Why Nixing Perfectionism Will Make You a Better Singer
You're shaking, palms becoming warm and damp. You're desperately trying to convince yourself you're not nervous, that you'll ace it. But that voice listing off all the mistakes you made in the practice room is deafening.
You have one goal - to perform perfectly. And that's where it all falls apart.
It never ceases to amaze me how many singers I meet are perfectionists. It usually doesn't take me long to figure it out. They'll cringe at the slightest quiver on a note. They'll sigh heavily when a breathy tone escapes. And their whole world implodes if they're flat.
I get it. I'm in recovery myself. I was that little girl who would rip the front page of her new school book out 5 - 10 times because the handwriting wasn't neat enough and it was "ruining the whole book". Yup.
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I wrote a little about this topic in my book The Moderately Tortured Artist:
"Perfectionism is something that paralyses a lot of us. We're not willing to give something a go, take a risk, or throw our hat into the ring if there's the slightest possibility we might do it badly.
We think we're pretty clever developing such a foolproof strategy. We never have to fall flat on our face because we never try our best if it's too daunting. We're all in if we know for a fact we can do it and do it well, but otherwise... nope.
Unfortunately this means we stay so far inside our comfort zone that we can't possibly develop and grow. We play it safe and strangle our creativity and curiosity in the process."
A few ways perfectionism can rear it's head when we sing are:
- Boatloads of tension because we're trying desperately to control the sound (in all the wrong ways)
- Pushing and straining to get the sound we imagine in our heads out of our mouths
- Holding back our energy because we're afraid that if we project, our possible failure will be louder and more noticeable.
You will drive yourself crazy trying to make perfect music. There is no such thing. The beauty is in the imperfection, the emotion, the human-ness.
So you probably know your perfectionism is holding you (and your voice) back, but what can you do to start shaking it loose?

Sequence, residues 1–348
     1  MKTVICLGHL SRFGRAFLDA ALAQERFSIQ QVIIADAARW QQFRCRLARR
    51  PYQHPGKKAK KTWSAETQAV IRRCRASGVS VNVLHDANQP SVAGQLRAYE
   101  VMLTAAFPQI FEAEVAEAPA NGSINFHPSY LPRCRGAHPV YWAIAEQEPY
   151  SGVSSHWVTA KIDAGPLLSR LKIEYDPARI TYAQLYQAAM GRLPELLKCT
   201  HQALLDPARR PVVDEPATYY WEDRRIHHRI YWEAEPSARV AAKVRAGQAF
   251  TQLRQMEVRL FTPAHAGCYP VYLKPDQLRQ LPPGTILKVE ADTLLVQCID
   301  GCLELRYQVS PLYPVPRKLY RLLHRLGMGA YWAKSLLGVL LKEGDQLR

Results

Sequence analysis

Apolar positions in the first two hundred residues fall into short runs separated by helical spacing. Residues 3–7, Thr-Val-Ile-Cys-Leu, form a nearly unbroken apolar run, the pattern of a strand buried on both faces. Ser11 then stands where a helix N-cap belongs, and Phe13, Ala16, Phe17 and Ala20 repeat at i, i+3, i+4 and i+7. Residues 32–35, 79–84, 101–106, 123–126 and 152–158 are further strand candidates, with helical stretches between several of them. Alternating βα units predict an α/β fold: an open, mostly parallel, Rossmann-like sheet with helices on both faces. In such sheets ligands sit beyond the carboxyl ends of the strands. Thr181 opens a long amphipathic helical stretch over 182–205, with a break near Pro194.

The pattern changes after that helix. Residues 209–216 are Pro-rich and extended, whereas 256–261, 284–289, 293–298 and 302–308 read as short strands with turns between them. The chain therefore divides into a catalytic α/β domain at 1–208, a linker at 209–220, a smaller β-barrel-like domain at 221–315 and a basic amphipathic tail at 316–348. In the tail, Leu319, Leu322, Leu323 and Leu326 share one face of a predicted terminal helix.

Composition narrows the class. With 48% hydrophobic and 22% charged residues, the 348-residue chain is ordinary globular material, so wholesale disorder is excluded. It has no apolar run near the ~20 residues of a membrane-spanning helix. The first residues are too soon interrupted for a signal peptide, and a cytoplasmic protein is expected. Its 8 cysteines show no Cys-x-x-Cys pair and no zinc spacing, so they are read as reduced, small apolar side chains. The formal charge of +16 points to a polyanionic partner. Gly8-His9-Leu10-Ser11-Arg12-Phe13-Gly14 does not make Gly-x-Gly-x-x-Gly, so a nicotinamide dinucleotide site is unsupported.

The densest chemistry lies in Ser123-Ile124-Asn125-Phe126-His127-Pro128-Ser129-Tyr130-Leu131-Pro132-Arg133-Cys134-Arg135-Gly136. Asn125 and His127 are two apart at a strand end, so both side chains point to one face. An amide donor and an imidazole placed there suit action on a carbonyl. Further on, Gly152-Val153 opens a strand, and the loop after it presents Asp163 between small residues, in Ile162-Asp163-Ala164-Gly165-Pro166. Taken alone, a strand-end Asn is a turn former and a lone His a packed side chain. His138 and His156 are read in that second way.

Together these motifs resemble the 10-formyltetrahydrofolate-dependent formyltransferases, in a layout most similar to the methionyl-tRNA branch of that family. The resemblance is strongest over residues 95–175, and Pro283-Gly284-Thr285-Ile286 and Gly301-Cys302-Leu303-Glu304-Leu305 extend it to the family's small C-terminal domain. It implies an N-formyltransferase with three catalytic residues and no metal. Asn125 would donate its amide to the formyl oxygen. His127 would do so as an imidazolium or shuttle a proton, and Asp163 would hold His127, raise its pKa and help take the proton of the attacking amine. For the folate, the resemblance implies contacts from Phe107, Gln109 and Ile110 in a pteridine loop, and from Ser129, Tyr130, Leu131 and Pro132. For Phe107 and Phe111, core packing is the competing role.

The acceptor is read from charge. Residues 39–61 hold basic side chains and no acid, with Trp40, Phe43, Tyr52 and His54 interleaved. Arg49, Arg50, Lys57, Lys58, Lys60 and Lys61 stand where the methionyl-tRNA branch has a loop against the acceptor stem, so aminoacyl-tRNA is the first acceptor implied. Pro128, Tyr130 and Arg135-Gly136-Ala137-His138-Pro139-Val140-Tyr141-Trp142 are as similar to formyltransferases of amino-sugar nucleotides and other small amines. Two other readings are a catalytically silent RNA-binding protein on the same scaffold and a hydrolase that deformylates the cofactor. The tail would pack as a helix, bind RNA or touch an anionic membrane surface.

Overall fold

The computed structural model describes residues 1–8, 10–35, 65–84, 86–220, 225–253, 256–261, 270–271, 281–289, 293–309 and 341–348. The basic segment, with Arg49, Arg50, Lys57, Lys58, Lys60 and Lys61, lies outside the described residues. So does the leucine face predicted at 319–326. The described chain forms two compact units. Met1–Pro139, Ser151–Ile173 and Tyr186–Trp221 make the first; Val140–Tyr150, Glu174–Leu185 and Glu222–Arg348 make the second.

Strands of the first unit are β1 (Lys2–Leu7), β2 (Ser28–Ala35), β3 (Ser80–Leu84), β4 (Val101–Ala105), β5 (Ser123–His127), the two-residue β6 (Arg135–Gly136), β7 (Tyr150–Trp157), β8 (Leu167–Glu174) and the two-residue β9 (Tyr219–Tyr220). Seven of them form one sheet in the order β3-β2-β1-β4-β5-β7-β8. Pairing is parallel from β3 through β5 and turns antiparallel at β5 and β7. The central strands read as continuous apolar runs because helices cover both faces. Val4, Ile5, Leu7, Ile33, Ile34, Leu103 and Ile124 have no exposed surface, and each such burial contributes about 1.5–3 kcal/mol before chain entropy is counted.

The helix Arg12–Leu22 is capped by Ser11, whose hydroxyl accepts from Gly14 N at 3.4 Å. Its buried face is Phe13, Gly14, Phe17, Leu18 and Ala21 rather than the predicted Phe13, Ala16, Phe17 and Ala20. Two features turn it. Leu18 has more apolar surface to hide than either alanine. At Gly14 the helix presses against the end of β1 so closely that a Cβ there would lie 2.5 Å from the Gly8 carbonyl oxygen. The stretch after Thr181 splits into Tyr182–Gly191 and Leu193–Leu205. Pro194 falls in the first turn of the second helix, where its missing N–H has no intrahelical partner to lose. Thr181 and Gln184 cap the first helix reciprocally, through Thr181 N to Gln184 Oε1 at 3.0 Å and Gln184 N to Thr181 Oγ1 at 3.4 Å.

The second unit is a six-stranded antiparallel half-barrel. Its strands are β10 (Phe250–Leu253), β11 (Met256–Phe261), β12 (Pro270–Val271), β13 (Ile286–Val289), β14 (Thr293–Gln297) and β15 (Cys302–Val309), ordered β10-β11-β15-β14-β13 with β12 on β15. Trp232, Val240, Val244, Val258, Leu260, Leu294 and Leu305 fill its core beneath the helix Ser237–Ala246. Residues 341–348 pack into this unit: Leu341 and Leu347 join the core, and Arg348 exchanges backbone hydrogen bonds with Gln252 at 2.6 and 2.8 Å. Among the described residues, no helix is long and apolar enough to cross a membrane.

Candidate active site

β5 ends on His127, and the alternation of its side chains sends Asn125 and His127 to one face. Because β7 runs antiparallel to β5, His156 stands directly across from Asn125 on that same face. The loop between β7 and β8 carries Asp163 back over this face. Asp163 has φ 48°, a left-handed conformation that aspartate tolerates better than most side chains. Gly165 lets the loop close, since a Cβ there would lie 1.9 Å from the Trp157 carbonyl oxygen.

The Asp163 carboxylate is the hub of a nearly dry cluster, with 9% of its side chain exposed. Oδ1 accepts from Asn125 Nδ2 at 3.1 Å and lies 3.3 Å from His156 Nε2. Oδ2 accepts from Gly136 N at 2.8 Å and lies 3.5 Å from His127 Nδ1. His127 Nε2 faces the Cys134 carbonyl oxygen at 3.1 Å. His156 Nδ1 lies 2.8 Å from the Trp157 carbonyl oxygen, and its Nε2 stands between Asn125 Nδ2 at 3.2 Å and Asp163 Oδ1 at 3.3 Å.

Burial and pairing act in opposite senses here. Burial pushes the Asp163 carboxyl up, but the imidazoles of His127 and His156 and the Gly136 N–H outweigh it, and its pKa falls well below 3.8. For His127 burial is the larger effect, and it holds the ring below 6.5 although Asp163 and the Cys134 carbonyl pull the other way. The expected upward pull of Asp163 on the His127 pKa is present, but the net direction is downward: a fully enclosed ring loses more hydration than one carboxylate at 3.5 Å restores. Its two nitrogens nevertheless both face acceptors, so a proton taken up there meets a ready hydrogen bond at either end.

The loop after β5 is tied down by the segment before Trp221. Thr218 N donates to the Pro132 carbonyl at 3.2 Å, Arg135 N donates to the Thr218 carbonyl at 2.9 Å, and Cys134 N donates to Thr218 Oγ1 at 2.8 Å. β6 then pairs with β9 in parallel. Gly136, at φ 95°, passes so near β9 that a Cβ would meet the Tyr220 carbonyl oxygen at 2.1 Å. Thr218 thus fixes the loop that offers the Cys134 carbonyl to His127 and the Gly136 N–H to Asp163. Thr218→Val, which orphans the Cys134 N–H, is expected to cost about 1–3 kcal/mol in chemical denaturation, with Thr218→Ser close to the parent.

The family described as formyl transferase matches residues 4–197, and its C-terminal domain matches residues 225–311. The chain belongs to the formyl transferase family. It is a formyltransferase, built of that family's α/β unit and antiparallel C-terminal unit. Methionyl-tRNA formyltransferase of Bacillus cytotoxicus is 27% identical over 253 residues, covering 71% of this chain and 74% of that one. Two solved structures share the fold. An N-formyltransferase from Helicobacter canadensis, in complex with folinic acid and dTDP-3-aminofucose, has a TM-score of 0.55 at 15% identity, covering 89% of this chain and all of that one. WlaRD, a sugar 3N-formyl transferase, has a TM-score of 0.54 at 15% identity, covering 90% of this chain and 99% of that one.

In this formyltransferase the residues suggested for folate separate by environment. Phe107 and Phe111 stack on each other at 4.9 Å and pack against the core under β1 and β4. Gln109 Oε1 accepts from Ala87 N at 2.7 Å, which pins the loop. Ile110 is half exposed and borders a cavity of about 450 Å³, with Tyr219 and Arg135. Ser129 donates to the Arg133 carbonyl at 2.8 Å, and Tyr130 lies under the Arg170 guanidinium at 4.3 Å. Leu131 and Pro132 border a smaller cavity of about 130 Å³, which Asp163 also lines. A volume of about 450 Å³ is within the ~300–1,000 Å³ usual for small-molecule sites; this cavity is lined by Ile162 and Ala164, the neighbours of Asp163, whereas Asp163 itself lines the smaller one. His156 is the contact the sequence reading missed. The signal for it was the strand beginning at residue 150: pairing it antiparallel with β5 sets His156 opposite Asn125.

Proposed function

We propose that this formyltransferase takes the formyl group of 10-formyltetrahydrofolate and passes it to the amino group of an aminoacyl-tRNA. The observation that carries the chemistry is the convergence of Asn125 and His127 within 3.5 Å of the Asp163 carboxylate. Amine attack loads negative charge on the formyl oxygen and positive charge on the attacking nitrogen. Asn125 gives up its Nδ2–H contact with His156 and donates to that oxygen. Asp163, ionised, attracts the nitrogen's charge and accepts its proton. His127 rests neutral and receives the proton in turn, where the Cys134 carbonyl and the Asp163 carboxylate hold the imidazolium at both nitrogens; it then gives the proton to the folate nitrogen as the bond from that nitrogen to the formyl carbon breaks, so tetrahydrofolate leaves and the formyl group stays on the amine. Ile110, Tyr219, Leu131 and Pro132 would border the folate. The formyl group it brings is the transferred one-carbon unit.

FIGURE OUT YOUR STORY
We all have a back story that led us to believe that it was the perfect way or the highway.
It can be born out of praise (only complimented when something was spot on) or criticism (believing that you're "not really a singer" or not talented enough because someone told you so).
We use perfectionism as a shield. Trying to protect ourselves from the monster under our bed - Failure. Figuring out exactly what you're running from is important.
Give this a go. Finish the following sentences:
When it comes to my voice, I don't want to be seen as .....
When it comes to my performance, I don't want people to think .....
When I sing, I don't want to feel .....
GIVE YOURSELF PERMISSION TO FAIL
You might be about to close this window, throw your phone across the room or start shaking in your boots after reading that heading, but please stay with me.
I'm not asking you to deliberately tank on stage in front of hundreds of people. I'm not asking for public humiliation. But I'm asking for compassion and a little wiggle room.
Use the practice room as a space to experiment. To start removing that perfectionist armour (because let's be honest, it's heavy and you're sweating as though you're in a Bikram yoga class).
The difference in my students' voices when I ask them to "sing badly" is astounding. When they're not trying to deliberately sing off key to prove me wrong, they have a much fuller, freer sound. They let go. They feel into the music. They have more fun.
Give it a go. Turn down the volume on that incessant analysis for a moment and give yourself permission to be awful. See what happens.
PUT FEELING ABOVE LISTENING
Another crazy idea huh? As singers we are always judged on the sound of our voices and this can become problematic especially for perfectionists.
If the sound of our voice is the only thing we're measuring we tend to add a lot of tension in the body in an attempt to create the "perfect sound" we imagine in our heads. This can lead to voice fatigue, vocal health issues and a more inconsistent voice.
When you put feeling above sound in the ranks, things change. You can pinpoint tense muscles with more ease and let them go. You feel more relaxed and are more able to trust your own voice. You know your voice isn't going to tire after a few songs.
Sure, you'll want to work on creating the sound you desire, but always go from feeling first.